I have now been an investor for two years after 15 years of entrepreneurship. If I had instead been an investor for two years and then gone out on my own, I would have saved myself a lot of heartache!
I have spent most of the last two years investing at Series B and helping portfolio companies prepare for this first “growth-y” round. There is a marked difference in what a Series B company is expected to look like versus a Series A company. As an entrepreneur, you have limited time to project that maturity to prospective funds.
This is one of the lessons I wish I understood when raising a Series B, so I hope you find this advice helpful when you navigate your larger raises. In this column, I will cover the key materials and collateral that will help you communicate your ideas successfully across a partnership.
A key complication as you progress from seed to Series A and then to Series B is that the bigger check size invariably means more people are involved in getting to a “yes.” Every venture firm has its own idiosyncrasies in how it votes, but understanding that you are truly “dating” the entire firm when you get to larger rounds is a vital insight that I never appreciated. This means you need to understand how to create materials that survive a brutal game of telephone from associates out to prove their smarts to founding GPs managing insane travel schedules.
A good strategy memo becomes the guideline for how the entire diligence process unfolds.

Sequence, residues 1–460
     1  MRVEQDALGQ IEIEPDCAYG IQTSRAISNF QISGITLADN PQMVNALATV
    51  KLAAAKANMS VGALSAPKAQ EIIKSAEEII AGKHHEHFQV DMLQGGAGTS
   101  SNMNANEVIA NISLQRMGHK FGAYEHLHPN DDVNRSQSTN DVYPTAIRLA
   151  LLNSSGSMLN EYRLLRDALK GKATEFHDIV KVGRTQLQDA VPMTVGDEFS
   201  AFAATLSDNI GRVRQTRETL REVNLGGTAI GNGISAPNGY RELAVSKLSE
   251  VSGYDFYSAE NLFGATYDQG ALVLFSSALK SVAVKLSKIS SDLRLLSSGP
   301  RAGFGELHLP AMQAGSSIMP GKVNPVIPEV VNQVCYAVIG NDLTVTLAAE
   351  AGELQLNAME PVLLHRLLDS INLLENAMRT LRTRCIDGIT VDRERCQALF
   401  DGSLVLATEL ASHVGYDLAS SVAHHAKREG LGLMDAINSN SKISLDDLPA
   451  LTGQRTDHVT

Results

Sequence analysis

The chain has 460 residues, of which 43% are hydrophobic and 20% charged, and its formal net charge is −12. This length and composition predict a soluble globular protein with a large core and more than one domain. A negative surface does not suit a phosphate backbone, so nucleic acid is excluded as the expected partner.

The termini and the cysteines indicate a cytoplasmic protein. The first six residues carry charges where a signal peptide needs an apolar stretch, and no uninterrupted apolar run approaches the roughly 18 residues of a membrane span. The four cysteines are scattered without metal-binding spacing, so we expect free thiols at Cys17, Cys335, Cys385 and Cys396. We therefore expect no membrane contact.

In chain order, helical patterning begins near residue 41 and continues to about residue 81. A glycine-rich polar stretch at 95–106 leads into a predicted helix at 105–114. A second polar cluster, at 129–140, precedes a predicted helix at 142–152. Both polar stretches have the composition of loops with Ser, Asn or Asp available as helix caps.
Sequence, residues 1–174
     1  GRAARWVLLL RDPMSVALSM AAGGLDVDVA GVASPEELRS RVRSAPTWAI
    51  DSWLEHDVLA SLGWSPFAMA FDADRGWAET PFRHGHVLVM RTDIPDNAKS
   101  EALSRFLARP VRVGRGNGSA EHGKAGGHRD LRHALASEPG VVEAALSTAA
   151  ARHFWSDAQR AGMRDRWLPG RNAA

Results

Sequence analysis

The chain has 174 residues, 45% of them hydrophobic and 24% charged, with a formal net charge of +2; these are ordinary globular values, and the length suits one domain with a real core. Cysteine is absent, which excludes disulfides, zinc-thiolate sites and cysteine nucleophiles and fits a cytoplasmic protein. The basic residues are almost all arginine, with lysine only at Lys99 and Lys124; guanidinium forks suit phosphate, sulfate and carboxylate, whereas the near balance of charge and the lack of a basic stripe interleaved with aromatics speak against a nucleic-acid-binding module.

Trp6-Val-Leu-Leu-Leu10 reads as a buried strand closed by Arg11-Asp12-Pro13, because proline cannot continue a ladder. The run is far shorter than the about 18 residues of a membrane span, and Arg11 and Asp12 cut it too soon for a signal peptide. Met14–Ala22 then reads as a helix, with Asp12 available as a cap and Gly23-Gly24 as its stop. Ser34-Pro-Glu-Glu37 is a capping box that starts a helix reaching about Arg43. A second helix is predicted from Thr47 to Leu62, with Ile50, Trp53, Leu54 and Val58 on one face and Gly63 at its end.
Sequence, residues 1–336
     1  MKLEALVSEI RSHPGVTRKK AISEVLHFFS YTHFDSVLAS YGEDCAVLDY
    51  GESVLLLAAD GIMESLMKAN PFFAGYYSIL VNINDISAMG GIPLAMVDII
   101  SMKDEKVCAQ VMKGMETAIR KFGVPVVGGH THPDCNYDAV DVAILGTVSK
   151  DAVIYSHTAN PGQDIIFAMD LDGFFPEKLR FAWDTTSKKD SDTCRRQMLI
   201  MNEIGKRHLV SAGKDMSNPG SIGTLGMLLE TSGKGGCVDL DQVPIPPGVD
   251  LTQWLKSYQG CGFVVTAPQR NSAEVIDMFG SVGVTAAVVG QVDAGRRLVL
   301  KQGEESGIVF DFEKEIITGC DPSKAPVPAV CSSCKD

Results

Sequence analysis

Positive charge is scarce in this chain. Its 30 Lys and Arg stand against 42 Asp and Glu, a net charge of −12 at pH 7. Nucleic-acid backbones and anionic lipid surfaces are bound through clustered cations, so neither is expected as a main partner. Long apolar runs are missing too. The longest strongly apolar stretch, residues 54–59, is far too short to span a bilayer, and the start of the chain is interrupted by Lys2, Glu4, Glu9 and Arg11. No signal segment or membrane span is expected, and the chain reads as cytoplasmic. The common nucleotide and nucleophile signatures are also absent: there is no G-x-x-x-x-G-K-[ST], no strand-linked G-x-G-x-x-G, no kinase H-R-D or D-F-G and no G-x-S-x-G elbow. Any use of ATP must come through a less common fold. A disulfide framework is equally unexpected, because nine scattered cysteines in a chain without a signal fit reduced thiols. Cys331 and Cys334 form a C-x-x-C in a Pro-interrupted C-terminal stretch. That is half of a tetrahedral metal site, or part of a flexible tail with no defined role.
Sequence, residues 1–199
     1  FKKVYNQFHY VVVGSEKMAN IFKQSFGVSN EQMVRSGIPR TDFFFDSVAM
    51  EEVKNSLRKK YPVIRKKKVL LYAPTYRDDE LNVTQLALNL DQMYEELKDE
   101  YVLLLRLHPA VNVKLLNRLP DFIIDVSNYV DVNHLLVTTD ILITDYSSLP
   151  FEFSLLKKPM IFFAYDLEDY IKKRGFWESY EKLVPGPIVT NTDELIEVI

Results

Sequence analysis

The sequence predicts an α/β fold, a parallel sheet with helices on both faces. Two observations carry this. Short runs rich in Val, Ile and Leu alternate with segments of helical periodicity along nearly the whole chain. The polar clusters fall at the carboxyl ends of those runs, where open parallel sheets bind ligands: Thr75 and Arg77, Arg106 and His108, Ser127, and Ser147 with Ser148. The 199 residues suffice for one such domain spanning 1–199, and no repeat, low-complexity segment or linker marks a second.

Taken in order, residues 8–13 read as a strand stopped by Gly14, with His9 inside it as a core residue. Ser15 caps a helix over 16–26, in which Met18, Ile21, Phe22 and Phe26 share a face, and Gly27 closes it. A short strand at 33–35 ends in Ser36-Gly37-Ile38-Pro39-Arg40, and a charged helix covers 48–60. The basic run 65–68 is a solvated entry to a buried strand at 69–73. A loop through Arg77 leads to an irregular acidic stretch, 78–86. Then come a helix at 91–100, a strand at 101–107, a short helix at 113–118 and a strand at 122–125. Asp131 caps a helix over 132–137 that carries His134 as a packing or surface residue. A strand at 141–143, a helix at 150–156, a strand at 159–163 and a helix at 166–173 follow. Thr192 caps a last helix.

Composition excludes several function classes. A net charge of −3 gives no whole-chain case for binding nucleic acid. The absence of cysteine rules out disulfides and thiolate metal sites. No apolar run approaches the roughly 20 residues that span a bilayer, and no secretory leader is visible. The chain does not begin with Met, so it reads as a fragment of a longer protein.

A Series B data room can be overwhelming. You want to proactively manage the order in which people access information and focus their attention on a few key documents that they can return to when they fall down a rabbit hole. Founders should think of three primary documents as their “holy trinity”: the deck, the strategy memo and the forecast model. These documents should do most of the heavy lifting for capturing people’s attention and ensuring that information is transferred within the partnership with high fidelity.
You want people to focus the vast majority of their attention on these three pieces of information. This is a great way to control the narrative and ensure that what you want to be transmitted is received by the other parties.
An elegant strategy memo is your most important document
Over the past few years, the strategy memo has emerged as a key part of initial diligence packages. Some people refer to it as a company-written investment memo, but I prefer the “strategy memo” title, because it’s not really an investment memo, which comes with scenario analyses, exit plans and other sections that would be awkward and a bit presumptuous for a company to externalize.
I have also heard it referred to as a “narrative deck” — basically a detailed, written version of your pitch. I also do not think this fully captures a great strategy memo, as it is more than just the deck. I see the deck almost as a derivative of the strategy memo.